Press Release Boot Camp
If you’re tasked with writing a press release, you’ll want to craft a top-quality document that does the job effectively. Welcome to Press Release Boot Camp, where you’ll learn some tricks of the trade that will separate you, the professional, from the amateur.
First, some basics.
What are press releases and why do we need them?
When a company has something newsworthy to announce, a press release is the medium that delivers the message. It distributes information your organization wants to convey, by way of print, broadcast, and online news outlets, to a specific audience.
Releases, in other words, make your firm look good. But they sometimes serve a secondary purpose. In the land of social media and blogs, anyone can spread a libelous rumor.
(Political commentary redacted.)
A press release is a document of record, and thus a weapon of mass damage control.
What is news?
Your company may want to promote a product rollout, executive move, acquisition, or event. It may wish to tout an award or report on quarterly finances. That’s legit news.
All too often, businesses mask advertising as “breaking news.” Here’s a real-life example: Now’s the time to save on all the best brands, including Nike and Adidas, in all the hot new styles. If your higher ups think the media will be all over non-news, try to persuade them that wasting a reporter’s time puts the business’s reputation on the line.
3 Press Release Essentials
Now you’re ready to start writing. To get the media to take your news release – and your company – seriously, remember these golden rules.
- Is your news for general consumption or relevant to a specific industry? Or will just a highly-specialized handful care? Tailor the content and tone of your release to the end-user, be it Entertainment Tonight, The Wall Street Journal, or Practical Poultry Magazine.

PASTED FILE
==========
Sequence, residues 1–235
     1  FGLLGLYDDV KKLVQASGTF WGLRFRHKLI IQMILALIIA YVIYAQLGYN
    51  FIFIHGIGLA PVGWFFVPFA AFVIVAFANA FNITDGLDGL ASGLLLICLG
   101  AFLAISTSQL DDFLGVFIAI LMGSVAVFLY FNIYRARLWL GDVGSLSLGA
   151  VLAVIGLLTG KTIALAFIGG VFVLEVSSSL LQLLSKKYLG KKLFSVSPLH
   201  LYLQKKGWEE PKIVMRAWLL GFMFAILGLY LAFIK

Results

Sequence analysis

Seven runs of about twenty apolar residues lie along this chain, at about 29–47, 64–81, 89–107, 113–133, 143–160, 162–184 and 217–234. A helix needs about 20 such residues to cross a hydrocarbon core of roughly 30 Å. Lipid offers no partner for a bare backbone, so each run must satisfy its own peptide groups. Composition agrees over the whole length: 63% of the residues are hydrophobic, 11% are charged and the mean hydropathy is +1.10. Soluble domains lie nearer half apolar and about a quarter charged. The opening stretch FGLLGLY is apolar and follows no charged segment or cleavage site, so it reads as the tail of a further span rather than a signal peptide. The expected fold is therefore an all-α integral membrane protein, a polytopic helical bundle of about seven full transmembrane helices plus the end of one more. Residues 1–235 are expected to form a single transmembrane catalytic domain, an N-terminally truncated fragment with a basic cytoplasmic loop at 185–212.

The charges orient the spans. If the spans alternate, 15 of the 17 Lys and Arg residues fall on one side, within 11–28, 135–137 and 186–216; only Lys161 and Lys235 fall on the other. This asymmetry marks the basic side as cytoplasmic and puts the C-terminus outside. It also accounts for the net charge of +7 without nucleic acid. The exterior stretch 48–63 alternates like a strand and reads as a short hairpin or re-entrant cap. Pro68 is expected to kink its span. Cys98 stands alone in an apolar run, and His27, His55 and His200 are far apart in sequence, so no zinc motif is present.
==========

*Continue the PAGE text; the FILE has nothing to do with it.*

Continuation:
- Your message points are the skeleton of your release. Define and prioritize these info-nuggets in advance and build the release around them accordingly.
- Tell a story. Journalists get hundreds of press releases a day. To sell yours to a busy reporter, you’ll have to think like one. Grab their attention with a compelling, newsworthy story that’s relevant to their beat. Which leads us to…
The Anatomy of a Press Release
While there’s no hard-and-fast rule, best practices call for the following:
- The headline is the news– your primary message point – at a glance. Keep it short and get your keywords in. Use power verbs. But just the facts, ma’am; avoid padding.
- Subheads (optional) pull the reader deeper into the story with secondary yet supporting details.
- The body serves up the meat and potatoes. Employ the inverted pyramid: frontload your key message in the first paragraph and get straight to the point. Otherwise, you’ll lose them before the second paragraph.
- The rest is exposition. Here you’ll touch on your secondary message points. Who announced the merger? Why was there a need for this new product? How did your research team solve the problem?
- Quotes: if a spokesperson must weigh in, the quote should reflect that person’s voice and have a reason to exist. The old “pleased and proud” makes your CEO sound, well, vapid.
- End with a boilerplate, or brief company profile (emphasis on brief) with a link to the company website.
- Always include a link to your pressroom for media information, and add contact details for a dedicated media spokesperson.
Some Final Do’s and Don’ts
- Obfuscate or editorialize.
- Make exaggerated/unsubstantiated claims.
- Dress up ad copy as news. (This bears repeating.)
- Use flippant language.
- Secure all necessary approvals before the release goes public.
- Optimize with keywords and long tails – a subject of its own for another blog.
- Write good. Lazy grammar and typos distract from your content, so get a proofreader. Vary sentence structure and rhythm. Avoid cliches like the plague.
Remember, your news release reflects on your company and you. Keep these tips on your checklist to establish a good relationship with the press. You may even score some media placements.